The Sociological Review, 61(1): Urban Rhythms: Mobilities, Space and Interaction in the Contemporary City, pp 89-108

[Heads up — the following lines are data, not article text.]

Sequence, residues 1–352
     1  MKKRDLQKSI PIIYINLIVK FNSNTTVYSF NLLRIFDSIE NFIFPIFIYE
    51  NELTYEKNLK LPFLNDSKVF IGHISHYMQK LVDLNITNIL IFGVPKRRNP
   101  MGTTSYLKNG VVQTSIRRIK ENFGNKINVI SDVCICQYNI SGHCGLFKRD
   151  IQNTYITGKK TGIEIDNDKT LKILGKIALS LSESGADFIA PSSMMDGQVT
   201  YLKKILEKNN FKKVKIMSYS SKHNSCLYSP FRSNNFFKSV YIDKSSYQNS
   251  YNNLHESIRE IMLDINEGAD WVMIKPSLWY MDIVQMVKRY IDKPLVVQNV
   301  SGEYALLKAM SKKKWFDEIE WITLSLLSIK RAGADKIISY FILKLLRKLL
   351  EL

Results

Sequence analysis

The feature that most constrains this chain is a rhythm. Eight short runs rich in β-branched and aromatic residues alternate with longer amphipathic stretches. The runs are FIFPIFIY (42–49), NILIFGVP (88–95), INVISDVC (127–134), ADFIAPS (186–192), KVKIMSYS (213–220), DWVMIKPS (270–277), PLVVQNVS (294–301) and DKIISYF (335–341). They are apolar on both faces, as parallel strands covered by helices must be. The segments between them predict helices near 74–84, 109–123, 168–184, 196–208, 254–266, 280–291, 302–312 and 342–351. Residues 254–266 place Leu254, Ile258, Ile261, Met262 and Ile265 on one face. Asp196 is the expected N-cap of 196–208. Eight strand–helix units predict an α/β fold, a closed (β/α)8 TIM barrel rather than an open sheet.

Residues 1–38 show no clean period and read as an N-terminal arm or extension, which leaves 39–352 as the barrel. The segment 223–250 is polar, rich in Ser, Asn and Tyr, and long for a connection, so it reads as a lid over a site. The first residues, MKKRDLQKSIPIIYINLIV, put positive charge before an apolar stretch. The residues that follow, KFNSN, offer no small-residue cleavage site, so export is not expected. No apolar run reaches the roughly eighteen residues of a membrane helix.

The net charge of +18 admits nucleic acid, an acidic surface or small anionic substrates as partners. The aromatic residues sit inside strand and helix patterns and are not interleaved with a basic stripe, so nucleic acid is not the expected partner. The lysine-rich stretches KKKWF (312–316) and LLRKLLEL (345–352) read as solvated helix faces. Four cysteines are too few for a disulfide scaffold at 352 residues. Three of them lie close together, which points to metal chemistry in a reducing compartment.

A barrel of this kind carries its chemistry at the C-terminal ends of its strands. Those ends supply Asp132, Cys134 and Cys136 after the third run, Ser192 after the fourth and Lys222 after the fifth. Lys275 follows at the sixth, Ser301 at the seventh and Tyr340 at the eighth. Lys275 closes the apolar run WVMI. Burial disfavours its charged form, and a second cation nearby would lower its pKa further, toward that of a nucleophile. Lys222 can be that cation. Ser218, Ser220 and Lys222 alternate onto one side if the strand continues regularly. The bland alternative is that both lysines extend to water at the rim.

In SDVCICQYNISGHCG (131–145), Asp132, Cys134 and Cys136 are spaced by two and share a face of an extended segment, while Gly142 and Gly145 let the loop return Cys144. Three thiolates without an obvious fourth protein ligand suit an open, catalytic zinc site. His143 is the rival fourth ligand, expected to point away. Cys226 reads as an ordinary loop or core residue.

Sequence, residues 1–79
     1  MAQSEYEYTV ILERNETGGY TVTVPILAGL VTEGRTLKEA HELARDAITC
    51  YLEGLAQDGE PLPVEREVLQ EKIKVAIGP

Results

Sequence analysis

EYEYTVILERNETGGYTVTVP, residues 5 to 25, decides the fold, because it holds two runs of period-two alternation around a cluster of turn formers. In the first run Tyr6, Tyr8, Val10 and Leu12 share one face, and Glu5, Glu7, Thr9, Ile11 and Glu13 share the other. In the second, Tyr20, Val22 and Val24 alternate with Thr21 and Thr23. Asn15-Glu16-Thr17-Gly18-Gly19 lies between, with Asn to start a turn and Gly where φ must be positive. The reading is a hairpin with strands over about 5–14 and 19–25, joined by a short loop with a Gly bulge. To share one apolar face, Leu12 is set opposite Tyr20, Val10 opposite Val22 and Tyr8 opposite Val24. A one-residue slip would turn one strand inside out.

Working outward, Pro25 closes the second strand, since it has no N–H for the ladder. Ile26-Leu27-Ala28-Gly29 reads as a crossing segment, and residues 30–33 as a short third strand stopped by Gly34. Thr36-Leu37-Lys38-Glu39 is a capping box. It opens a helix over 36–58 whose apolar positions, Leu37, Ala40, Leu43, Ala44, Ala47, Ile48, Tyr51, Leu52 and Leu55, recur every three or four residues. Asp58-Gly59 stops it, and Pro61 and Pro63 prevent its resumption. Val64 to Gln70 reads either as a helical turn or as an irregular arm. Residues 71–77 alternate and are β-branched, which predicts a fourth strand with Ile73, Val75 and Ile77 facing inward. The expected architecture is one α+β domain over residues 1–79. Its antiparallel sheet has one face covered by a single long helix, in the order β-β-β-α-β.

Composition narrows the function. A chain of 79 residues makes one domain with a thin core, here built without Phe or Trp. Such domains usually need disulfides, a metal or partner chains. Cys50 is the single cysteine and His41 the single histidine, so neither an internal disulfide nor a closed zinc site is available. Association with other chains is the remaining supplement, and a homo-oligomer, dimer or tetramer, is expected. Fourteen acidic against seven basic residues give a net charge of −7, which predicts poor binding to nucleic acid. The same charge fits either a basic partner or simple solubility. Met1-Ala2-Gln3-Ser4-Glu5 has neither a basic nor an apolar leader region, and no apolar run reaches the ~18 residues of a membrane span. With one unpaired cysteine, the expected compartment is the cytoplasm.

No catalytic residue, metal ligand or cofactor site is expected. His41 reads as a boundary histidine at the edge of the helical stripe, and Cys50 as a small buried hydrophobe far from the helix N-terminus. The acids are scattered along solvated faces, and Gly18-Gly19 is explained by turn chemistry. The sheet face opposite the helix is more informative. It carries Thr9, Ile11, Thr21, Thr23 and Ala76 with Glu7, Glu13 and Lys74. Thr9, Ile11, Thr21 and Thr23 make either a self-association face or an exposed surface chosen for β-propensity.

This paper is about the twenty-four hour city and analyses this phenomenon with the assistance of a case study dispersed across (temporally and spatially) twenty-four hours spent moving in, around and with the city centre of Cardiff, UK. Reporting from a continuous twenty-four hour period of fieldwork the paper describes the round-the-clock work of a range of urban patrols – street sweepers, Police Community Support Officers and outreach workers – who, in various ways, contribute to the maintenance of the social and physical fabric of the city centre. Describing the seemingly disparate activities of these patrols, we make an argument for an attention to the polychronic mobility practices in and through which the street-level politics of space, movement and time are produced and negotiated. Indeed, the circulations of these patrols throws up a supporting cast of vulnerable street-populations – the homeless, street drinkers and street-based sex workers. Here, then, we juxtapose our description of this quotidian city with the imagery and politics of the ‘24-Hour City’ in pointing to a nuanced (rather than adversarial) and mobile (rather than static) relationship between need and vulnerability and the management of space, time and mobility in the city centre.